She’s taking baby steps and getting used to the routine. She’s no longer lactating and doesn’t need any medications. The next big step will be to venture to the vet’s office for her spay surgery. We haven’t tried going for walks outside of the fenced in yard yet. She is very sweet and gentle and does best in a quiet, relaxed environment.
Dorie continues to be her sweet, gentle, skittish self. We’ve gotten into a routine that works pretty well, but we’ve sort of stalemated at going forward from here. Her routine is to sleep on the couch in the lower level at night. Go outside with a long rope attached to her harness in the morning. She still doesn’t follow the other dogs back in the house. She runs around just out of reach of the rope for a while. I stand still and watch her figuring she’s getting plenty of exercise running in very big circles. When I decide it’s time to come in, I can call her name, make a little hand motion and she usually stops so I can approach the rope and step on it. Once I have the rope in hand, she follows along very willingly behind me into the house.
Last night I was lying on the couch watching a movie with popcorn. Dorie does like her treats, but only if you are lying or sitting on the couch. She’ll walk right up and take a piece of popcorn out of your hand repeatedly. But, if I move over to another place and hand her a piece of popcorn, she won’t take it. She also likes to be petted when you are on the couch or crawling on the floor. She’ll walk over slowly and come up to be petted. But again, standing or sitting somewhere else and she’s more hesitant. She’s giving me a good excuse for spending a lot of time lying on the couch.
Every once in a while when Dorie thinks you aren’t looking at her, she’ll go upstairs in search of a sock or underwear. If she finds something she brings it back downstairs and puts it in her pile on the floor. I moved her collection into her kennel one night and she took them all back out and put them back on the floor where she had them. For whatever reason we seem to have a lot of socks that don’t match, so I went through the laundry room and picked out a bunch of socks that don’t match and placed them around for her to find for her collection. She does know to go to the toy box to take out toys when she wants something.
We’re hoping to schedule her for her spay this week now that she is no longer lactating. We haven’t tried going in the car or going for walks, so this will be a new experience for her.
Foster mom finally bought a new camera so we can start doing more timely updates and pictures on our sweet Dorie. As you can see, she is a very pretty, adorable, little female. She is also as sweet and gentle as she looks.
Dorie is now spayed and will never again have puppies. She did pretty well at the vet’s office. We carried her into the office in her kennel. I was too nervous to risk losing her if we tried walking in. We brought along one of our resident dogs as a support dog and once inside, we let Dorie out of her kennel. When it was time to walk into the backroom to be prepped for surgery, she followed the resident dog and walked past a bunch of people into the backroom. She was a bit freaked out the next morning when the staff tried taking her outside on a sliplead. She isn’t crazy about having her neck pulled. She does much better on her harness that we use with her at home.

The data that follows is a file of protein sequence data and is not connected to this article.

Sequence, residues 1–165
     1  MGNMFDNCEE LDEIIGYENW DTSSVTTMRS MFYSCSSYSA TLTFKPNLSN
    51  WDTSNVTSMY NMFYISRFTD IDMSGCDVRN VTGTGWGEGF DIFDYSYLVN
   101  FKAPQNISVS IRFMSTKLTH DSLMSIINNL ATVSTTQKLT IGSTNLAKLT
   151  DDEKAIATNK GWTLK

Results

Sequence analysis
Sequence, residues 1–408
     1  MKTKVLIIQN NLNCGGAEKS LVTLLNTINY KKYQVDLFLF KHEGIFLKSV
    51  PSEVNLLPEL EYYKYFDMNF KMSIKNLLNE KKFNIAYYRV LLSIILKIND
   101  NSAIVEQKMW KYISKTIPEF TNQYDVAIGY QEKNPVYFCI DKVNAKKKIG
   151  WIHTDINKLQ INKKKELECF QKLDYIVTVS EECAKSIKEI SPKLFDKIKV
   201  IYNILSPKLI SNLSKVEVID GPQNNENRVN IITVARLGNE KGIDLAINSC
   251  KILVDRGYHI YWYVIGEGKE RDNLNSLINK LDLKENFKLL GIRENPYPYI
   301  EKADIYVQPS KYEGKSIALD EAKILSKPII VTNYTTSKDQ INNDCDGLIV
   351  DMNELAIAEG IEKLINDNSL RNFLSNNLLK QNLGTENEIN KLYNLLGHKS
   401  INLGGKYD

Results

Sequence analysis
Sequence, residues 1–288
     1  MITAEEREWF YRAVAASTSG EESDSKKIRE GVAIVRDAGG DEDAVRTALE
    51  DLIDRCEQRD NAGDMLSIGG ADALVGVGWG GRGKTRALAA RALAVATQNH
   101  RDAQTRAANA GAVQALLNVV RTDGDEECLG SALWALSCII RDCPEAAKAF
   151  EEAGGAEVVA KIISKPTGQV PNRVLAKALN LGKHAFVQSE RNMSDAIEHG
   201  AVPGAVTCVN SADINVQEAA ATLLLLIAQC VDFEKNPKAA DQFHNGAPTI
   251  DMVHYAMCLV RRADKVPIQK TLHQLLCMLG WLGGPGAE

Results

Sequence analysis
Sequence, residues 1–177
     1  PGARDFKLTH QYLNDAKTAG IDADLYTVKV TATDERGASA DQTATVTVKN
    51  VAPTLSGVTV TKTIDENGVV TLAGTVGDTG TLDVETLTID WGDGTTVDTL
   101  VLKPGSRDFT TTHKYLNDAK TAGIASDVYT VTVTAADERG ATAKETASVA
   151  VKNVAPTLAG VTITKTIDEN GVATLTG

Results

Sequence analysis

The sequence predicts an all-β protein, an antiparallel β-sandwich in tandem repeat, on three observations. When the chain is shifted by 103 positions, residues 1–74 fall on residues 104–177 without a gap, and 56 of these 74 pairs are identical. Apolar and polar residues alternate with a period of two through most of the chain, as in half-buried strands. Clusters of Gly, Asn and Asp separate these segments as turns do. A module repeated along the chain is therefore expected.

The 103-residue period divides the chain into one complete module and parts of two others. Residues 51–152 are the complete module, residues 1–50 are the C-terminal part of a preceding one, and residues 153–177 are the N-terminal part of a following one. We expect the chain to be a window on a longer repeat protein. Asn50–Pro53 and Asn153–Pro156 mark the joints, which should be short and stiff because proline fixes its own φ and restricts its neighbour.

Dorie is getting braver with us. She loves her treats and has realized that if she doesn’t come up for a treat when her name is called, another dog will eat it. She loves chicken and popcorn. I sit on the couch and call each dog’s name (there are five here). The first few times were so cute because I’d call Allie – give her a treat, Spirit – give her a treat, Dorie – hold out a treat and Dorie would look at the treat, look at me, but not come forward. Allie would eat her treat. After a few times of that, when it got to Dorie’s turn, I’d call her name – she’d look at the treat, look at me, look at the other dogs, and nose her way up so she could get her treat. Now, she rarely misses her turn.
I made the mistake of getting a little too comfortable with her. We still use a trailing leash on her in the house, but I don’t think we’d need to. She lets us walk up to her without bolting and really enjoys being petted. In fact if you are lying on the couch or sitting on the couch, she’ll walk over and nudge you to be petted. With this improvement, I thought it would be fun for her to get to go outside with just a couple of trailing leashes attached to each other instead of her long rope so she could run and play. Ha. She enjoyed it, yes. But, she also figured out real quickly just how far away from me she needed to stay so I couldn’t pick up the leashes and walk her back into the house. An hour of me lying on the ground surrounded by popcorn which she would sneak up and eat, but kept the leash out of arm’s reach, I’d pretty much given up thinking we’d both be sleeping outside for the night. There are some negatives to having ¾ acres fenced. You can’t catch a dog that doesn’t want to be caught. My husband decided at midnight that he would put up some wire fence to cut off a section of the yard so the yard would be smaller and she’d have less room to run. We had the back door open and his pounding on stakes to hold the wire fence, scared her. She was running and running around the backyard and I was so worried she would decide to go up and over the fence. Thankfully, she didn’t, and instead ran into the house to get away from the pounding. Mission accomplished and lesson learned.